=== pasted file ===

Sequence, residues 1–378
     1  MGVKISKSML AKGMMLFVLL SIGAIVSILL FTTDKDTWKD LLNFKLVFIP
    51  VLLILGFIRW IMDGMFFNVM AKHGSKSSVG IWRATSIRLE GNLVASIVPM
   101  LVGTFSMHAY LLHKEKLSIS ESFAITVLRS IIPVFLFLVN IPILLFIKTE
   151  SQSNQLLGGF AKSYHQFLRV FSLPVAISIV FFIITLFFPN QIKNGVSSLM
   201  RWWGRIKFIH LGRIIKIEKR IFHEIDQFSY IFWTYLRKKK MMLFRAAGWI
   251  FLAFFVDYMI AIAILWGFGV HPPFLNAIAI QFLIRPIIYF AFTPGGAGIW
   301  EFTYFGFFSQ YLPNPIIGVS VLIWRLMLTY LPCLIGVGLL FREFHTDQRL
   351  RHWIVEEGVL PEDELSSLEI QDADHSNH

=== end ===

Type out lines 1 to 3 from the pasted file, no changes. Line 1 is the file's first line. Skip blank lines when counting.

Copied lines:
Sequence, residues 1–378
     1  MGVKISKSML AKGMMLFVLL SIGAIVSILL FTTDKDTWKD LLNFKLVFIP
    51  VLLILGFIRW IMDGMFFNVM AKHGSKSSVG IWRATSIRLE GNLVASIVPM